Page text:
Option contact: Jonathan Arthurs (email@example.com)
1. Innovation/Commercialization Option Objectives
The primary objective of the innovation/commercialization option is to train doctoral students for careers as professors at high-quality research-oriented universities. This training includes providing them with a program of course work that will prepare them to conduct quality research in strategy & entrepreneurship as well as management and marketing, involving them in faculty-sponsored research projects as co-investigators and co-authors, and assimilating them into all aspects of academics related to innovation and commercialization (e.g., teaching, research, and service).
2. Additional Admissions Information
Admissions into the innovation/commercialization option are competitive, with only a few spots available each year. Apart from the criteria discussed on the Minimum Admissions Requirements page, admission preference will be given to applicants possessing one or more of the following characteristics:
- A master's degree in strategy, entrepreneurship, management, or a related field
- Relevant work experience
- An intent to develop a proficiency in business research, particularly in the areas of strategy & entrepreneurship
It is expected that students entering the doctoral program will possess competencies in mathematics (including linear algebra and calculus) and business (accounting, economics, finance, management), have adequate computer skills and a solid command of the English language. If the student is deficient in any of these areas, additional classroom work (beyond the major course of study) may be required.
3. Innovation/Commercialization Option Program Requirements (24 Credits)
Innovation/commercialization option program requirements enable the student to develop proficiency in his/her primary area of study. The bulk of the training will involve doctoral seminars such as the following:
MGMT 660: Foundations of Entrepreneurial Research
MGMT 661: Organizational Theory
MGMT 650: Organizational Behavior
MGMT 662: Corporate Entrepreneurship and New Ventures
MGMT 663: Strategic Management
MGMT 664: Technology Innovation and NPD
MKTG 690: Marketing and Commercialization
4. Research Methods and Statistics Requirements (18 credits)
Doctoral students are required to complete a minimum of 18 credit hours of graduate-level courses toward the establishment of a strong foundation in research methods. Topics covered in such courses include research design, econometrics, and other statistics.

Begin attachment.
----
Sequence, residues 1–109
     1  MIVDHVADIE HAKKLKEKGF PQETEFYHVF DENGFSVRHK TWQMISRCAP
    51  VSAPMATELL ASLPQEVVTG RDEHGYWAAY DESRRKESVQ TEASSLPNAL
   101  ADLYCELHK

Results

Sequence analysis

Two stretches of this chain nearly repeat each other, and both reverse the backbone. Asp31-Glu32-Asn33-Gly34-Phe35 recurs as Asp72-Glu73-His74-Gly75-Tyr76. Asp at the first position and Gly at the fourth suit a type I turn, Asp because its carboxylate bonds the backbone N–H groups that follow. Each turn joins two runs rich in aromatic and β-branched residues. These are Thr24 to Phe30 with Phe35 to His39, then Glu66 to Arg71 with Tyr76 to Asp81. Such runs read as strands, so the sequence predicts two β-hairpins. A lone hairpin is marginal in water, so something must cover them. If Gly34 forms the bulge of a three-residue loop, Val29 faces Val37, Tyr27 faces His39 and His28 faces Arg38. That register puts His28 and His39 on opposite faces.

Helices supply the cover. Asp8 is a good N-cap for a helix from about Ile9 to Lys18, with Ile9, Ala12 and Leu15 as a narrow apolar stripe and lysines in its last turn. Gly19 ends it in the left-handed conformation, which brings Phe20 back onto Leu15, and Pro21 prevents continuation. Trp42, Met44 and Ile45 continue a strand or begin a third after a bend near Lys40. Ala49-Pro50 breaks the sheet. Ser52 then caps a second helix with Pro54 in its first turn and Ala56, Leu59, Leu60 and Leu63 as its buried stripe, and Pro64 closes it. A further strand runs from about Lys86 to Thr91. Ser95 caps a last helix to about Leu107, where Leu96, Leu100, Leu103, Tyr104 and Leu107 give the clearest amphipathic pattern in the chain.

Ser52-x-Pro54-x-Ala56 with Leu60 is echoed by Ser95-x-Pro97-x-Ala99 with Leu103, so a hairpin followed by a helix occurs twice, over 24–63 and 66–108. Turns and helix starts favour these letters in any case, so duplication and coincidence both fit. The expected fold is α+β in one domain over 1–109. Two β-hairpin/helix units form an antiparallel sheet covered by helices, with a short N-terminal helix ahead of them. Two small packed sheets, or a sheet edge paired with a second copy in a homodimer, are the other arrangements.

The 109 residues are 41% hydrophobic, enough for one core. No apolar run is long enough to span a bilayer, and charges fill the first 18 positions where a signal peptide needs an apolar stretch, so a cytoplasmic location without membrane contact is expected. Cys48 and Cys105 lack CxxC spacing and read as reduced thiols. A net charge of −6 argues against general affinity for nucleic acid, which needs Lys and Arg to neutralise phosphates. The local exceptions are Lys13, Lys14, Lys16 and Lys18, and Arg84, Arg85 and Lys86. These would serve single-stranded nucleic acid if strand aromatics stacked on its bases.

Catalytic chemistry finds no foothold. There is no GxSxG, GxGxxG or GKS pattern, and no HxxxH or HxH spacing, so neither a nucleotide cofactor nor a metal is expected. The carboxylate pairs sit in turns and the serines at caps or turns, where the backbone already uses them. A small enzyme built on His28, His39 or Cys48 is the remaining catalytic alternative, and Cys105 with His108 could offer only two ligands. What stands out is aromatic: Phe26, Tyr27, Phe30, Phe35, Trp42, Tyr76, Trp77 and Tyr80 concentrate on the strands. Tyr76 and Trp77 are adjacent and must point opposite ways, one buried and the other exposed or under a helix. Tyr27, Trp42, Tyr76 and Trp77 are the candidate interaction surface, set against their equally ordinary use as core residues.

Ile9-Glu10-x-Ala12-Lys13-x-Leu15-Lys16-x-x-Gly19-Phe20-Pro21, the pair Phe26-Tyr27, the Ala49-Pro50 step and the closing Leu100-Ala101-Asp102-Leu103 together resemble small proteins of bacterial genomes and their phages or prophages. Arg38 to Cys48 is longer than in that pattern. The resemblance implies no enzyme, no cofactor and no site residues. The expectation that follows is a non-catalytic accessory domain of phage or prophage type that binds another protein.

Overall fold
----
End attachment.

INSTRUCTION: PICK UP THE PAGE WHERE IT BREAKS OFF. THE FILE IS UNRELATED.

Sample classes include:
BA 612: Foundations of Business Research
BA 613: Business Research Methods
AEC 523: Preliminaries of Quantitative Methods
AEC 625: Advanced Econometrics I
AEC 626: Advanced Econometrics II
5. Supporting Program Requirements (32 credits)
Supporting program requirements are comprised of an integrated portfolio of courses intended to develop proficiency in a major field of academic study. These requirements include graduate-level course in microeconomics and teaching effectiveness and may also consist of other graduate-level courses and seminars in strategy, management, marketing, economics, accounting, finance, or other areas consistent with the student's research concentration. The supporting field courses are chosen by the student in consultation with the innovation/commercialization Ph.D. Program Coordinator and/or the student's doctoral committee.
6. Independent Research Papers
First Year Summer Paper
Ph.D. students are required to complete a research paper during the summer between their first and second year in the program. The primary purposes of this research paper are to give students some initial experience with taking a research project from start to finish and to provide feedback to students following their first year in the program. Students are required to present this summer paper to faculty and fellow doctoral students during the fall term of their second year in the program.
A student’s progression through the Ph.D. program will culminate in the completion of a dissertation paper reflecting an appropriate mastery of a specific area of literature, research design, methodology, and analysis to the satisfaction of the student’s doctoral advisor committee.